Top Tips for Men to Look After Their Mental Health

 

If we’re going to change the terrible statistics about suicide rates in men we need to start doing something differently. We all need to start looking after our mental health just like we do our physical health – health doesn’t stop at the neck!

At Inspired to Change we’ve been speaking to the men in our lives and compiling all our favourite tips to help you look after your mental health so chaps, these tips are for you!

Tip 1 – Exercise

Physical exercise is one of the best things we can do to look after our body and our mind.  When we exercise we release our feel good hormone serotonin, boosting our mood.  If we exercise for 20 minutes or more we also release another chemical called BDNF which holds the serotonin in our brain for longer – that’s why we always feel so great when we come out of the gym!  But exercise doesn’t have to be a full-on gym workout or a 10 mile run – a brisk walk is enough.  So, don’t sit at your desk at lunch time – take a walk. Don’t sit on the sofa when you get home from work – get on your bike! Get that serotonin flowing!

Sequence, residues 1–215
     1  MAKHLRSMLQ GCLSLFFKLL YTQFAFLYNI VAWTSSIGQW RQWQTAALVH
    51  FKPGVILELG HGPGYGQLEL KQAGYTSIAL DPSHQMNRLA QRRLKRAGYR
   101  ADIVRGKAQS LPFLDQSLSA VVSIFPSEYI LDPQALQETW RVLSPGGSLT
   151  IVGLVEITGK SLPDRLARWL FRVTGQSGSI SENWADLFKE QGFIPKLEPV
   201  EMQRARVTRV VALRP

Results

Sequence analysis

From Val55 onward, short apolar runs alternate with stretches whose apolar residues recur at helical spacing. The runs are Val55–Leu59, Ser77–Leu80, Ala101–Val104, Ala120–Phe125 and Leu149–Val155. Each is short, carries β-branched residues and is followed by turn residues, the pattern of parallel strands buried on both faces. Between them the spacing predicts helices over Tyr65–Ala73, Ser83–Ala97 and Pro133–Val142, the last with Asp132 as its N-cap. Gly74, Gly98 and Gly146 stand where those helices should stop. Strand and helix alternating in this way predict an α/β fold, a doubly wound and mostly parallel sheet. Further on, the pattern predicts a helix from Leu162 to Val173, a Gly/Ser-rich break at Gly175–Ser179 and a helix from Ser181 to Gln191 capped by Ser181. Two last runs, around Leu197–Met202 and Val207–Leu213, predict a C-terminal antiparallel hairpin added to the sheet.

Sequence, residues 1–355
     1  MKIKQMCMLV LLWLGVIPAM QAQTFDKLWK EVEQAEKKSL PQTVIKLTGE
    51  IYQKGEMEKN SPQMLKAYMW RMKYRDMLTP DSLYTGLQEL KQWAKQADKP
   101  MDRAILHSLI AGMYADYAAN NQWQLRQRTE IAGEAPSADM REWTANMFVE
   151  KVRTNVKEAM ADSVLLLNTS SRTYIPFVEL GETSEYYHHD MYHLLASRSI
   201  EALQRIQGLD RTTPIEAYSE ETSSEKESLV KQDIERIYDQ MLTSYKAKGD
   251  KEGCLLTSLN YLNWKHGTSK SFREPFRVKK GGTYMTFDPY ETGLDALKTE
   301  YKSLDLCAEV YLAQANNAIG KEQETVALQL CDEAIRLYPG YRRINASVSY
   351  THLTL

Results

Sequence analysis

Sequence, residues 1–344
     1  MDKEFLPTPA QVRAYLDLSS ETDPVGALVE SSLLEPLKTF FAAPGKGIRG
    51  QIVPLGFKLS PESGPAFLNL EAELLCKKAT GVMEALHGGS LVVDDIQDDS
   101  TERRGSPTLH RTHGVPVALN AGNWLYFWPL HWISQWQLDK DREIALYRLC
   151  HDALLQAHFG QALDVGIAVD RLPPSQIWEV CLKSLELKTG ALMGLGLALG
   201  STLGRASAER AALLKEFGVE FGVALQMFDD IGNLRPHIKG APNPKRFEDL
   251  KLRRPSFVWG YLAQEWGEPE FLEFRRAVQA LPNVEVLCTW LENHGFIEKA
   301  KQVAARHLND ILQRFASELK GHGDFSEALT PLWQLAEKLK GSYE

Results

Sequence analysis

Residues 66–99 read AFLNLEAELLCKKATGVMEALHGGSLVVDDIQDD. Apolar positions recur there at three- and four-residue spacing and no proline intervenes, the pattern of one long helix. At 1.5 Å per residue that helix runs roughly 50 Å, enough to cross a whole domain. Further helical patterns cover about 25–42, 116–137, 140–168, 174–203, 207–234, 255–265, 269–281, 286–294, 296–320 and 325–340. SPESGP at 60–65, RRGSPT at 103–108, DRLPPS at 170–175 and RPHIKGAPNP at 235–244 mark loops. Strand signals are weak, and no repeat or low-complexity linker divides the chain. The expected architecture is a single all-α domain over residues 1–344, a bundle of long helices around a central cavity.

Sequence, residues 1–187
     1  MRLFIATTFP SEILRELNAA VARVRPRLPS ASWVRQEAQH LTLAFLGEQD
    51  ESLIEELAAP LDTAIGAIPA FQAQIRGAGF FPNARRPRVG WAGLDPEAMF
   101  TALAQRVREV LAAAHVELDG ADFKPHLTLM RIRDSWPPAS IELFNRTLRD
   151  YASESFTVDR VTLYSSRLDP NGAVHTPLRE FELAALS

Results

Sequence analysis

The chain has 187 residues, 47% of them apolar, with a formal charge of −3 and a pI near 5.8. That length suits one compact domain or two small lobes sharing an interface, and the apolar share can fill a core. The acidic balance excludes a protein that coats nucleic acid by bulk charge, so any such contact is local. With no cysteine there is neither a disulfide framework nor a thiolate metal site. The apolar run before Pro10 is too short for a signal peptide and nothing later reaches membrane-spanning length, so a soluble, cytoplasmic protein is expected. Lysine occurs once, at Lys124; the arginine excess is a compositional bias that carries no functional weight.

Tip 2 – Eat a Healthy Diet

The food we eat doesn’t just fuel our bodies, it fuels our mind too.  Our brain needs about 500 calories of good quality, slow release energy every day to function at it’s best.  So, ditch the morning muffin in favour of a high protein smoothie or porridge; snack on nuts and seeds; have a good quality protein lunch like a chicken salad; eat plenty of green leafy vegetables (hide them in that morning smoothie if you have to!).  Eat for your brain, not just your body!

Tip 3 – Cut back on caffeine

When we are feeling low our sleep can be affected and we often end up relying on caffeine to keep us sharp. The problem when we self-medicate this way is that the relief is only temporary and often leads to greater problems.  We get an initial hit from the caffeine that helps us to focus and concentrate but when it leaves our system we crash and big time, making us feel restless and agitated, and driving us to rely on more and more caffeine to continue to function.

Tip 4 – Cut Back on Alcohol

Contrary to popular belief alcohol is actually a depressant. Whilst the initial feeling you get from that first glass might be relaxing, in the long run it can make anxiety, depression and stress much harder to deal with. Regular drinking decreases the levels of serotonin (remember that feel good hormone we were talking about with exercise?) in our brain, impacting our mood, making us feel more anxious and depressed. Alcohol also disrupts our sleep patterns so, although you might find a glass of wine helps you to get off to sleep easier, the sleep you’re getting isn’t the restorative sleep that you need so you wake up feeling tired and sluggish.

Tip 5 – Catch Up With Your Mates